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Finding the Best Scholarship for YOU

by Chelsea Slaughter

The search for good scholarships can be a task, but it doesn’t have to be hard work! When I was exploring the wide world of scholarships, I tried my best to look into ones I knew I could succeed at winning. Here are a few tips for finding your best scholarship opportunities:

  • Search for institutional scholarships. This is always a great starting point: Go to your college or university and check out what scholarships they are offering current or accepted students. Most schools have scholarships for different majors and GPAs – all you have to do is find the one that fits you and apply!
  • Use Scholarships.com and other scholarship search sites. Doing a search on Scholarships.com and other similar sites would put in in the right place to find scholarships that perfectly fit you. Each site contains their own scholarships, plus corporate, private and local scholarships that fit your needs. Doing this weekly will help you find the right scholarships as soon as they are posted.
  • Check with your counselor. Stopping by your counselor’s office frequently can help you get a leg up on other students and find the scholarships that some organizations don’t post online and instead send directly to high schools. If you’re currently in college, make sure you go past your financial aid office to see what’s posted.
  • Consider employers, not-for-profit organizations and religious institutions. Check with your employer, organizations you’re involved in and the religious institutions you attend to see if they are offering any scholarship opportunities. You’d be surprised at what is available to those in the inner circle!

Don’t let your scholarship search become a stress-filled situation; instead, put the most energy in completing the applications, writing essays and meeting deadlines. Have any scholarship search tips to share? Let us know in the comments!

Chelsea Slaughter is currently a junior at Jacksonville State University majoring in communications (public relations concentration) and minoring in art. She serves as a resident assistant on campus, is the treasurer in the Public Relations Organization and is an active member in W.I.S.E., NAACP and Omicron Delta Kappa Honors Leadership Society. She aims to work in the entertainment industry post-graduation and is well on her way thanks to an internship with a digital marketer to several music artists. Chelsea strives to achieve all of her goals and motivate others along the way.


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by Scholarships.com Staff

Full-tuition scholarships, half-tuition scholarships, and financial aid packages free of student loans continue to be unveiled at institutions across the country.  While it may be too late for many students to alter their college application plans, if you are still looking for colleges for 2009, or if you happen to have applied to one of these schools, you may find the following information useful.  This week, The Chronicle of Higher Education profiled several significant scholarship programs private, community, and state colleges are launching or expanding for incoming students in 2009.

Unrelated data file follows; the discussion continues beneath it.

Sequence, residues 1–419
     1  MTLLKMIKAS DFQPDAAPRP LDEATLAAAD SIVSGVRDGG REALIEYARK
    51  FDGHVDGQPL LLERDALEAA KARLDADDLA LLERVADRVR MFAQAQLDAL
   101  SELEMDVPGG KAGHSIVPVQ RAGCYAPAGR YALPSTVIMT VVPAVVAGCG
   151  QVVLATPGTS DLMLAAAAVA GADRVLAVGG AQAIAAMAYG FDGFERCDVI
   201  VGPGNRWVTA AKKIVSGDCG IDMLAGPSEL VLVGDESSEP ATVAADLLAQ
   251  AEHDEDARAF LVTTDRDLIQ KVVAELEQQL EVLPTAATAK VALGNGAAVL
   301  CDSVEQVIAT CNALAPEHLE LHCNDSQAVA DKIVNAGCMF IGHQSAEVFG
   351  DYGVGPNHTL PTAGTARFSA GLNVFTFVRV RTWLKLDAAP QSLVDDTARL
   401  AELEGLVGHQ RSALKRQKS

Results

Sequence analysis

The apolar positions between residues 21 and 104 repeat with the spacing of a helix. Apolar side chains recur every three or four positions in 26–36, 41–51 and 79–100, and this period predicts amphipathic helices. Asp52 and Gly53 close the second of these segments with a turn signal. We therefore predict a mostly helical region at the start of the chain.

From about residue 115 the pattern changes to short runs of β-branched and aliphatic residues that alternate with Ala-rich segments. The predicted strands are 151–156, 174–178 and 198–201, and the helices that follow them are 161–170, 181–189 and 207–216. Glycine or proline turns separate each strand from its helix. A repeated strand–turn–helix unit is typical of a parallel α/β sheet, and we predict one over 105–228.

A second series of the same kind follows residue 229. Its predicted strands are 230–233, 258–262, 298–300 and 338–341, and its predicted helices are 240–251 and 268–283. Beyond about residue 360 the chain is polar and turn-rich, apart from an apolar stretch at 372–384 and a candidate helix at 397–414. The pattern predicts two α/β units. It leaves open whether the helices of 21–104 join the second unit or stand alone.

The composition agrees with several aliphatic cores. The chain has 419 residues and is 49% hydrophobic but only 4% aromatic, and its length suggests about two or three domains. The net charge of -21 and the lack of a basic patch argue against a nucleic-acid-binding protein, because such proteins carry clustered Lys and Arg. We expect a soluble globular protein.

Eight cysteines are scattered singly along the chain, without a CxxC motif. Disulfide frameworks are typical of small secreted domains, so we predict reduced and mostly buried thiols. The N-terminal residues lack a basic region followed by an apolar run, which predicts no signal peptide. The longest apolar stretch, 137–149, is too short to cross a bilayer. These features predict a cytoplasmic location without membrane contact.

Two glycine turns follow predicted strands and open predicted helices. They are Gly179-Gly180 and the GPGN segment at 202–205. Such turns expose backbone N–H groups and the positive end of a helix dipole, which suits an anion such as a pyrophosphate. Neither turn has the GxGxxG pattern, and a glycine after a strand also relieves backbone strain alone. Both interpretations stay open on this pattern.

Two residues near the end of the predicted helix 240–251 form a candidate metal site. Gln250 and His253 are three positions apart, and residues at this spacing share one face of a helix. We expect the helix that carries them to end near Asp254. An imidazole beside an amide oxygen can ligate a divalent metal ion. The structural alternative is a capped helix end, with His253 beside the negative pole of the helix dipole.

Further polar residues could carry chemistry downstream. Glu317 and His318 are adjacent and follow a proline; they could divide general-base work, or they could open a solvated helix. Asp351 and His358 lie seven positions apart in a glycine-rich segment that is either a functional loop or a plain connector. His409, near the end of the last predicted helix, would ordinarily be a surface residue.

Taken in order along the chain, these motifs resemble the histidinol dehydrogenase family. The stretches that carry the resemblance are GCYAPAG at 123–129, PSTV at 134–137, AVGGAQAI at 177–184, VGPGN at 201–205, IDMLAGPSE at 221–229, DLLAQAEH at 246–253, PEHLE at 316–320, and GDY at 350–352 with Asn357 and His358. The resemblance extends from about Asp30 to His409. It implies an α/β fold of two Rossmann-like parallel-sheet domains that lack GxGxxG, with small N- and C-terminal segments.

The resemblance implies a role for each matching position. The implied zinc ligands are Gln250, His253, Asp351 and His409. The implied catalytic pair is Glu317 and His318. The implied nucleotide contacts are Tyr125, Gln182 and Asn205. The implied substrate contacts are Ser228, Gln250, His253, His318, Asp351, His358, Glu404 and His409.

Northern Illinois University recently announced the Huskie Advantage, a program that will ensure that all incoming freshmen eligible for Federal Pell Grants will receive enough financial aid to meet the full cost of tuition.  Similarly, Montgomery County Community College in Pennsylvania is raising money to provide larger scholarships to students who receive a small Pell Grant or narrowly miss the cutoff for Pell eligibility.

The University of Pennsylvania will be eliminating student loans from the financial aid packages of all students this fall.  It's the latest in a string of well-endowed private colleges to put forward generous institutional aid for its students.  The Sage Colleges of New York are also following suit, promising to offer aid to meet new students' full financial need in the next academic year.

Two private colleges in Georgia and Minnesota aren't eliminating loans, but they are drastically reducing the cost of college for many applicants.  Agnes Scott College in Georgia is offering scholarships and grants to nearly halve the cost of attendance for all recipients of the Georgia Hope Scholarship, as well as an additional $3,000 grant for first-year students.  Saint Mary's University of Minnesota offers students with family incomes of under $100,000 financial aid packages that will reduce the cost of attendance to the average price of a Big Ten school.  For the neediest 25 percent of students, St. Mary's will provide all of this aid institutionally, allowing students to use federal student financial aid to cover much of the rest of their college costs.


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by Scholarships.com Staff

Barack Obama became known for his web presence during his Presidential campaign.  He and his transition team have kept up this reputation through YouTube addresses and websites such as Change.gov, the official transitional website.  Now the Obama transition team is asking for public comments--or at least blog comments--on issues related to paying for school.  A post on the Change.gov blog is currently soliciting feedback about college affordability.  While there's no guarantee that the President-elect himself will read your post, if you would like to weigh in on educational policy at least in a small way, you can view and comment on the January 5 Change.gov blog post "Keeping College Affordable." 

The blog post, along with many other recent discussions of college costs, makes a nod to former Rhode Island senator Clairborne Pell, who passed away on January 1.  Pell was instrumental in shaping the current federal student financial aid system by helping create the Federal Pell Grant, which was named after him.  Pell Grants continue to make up an important part of the financial aid packages of many students, covering up to the full cost of tuition at some state and community colleges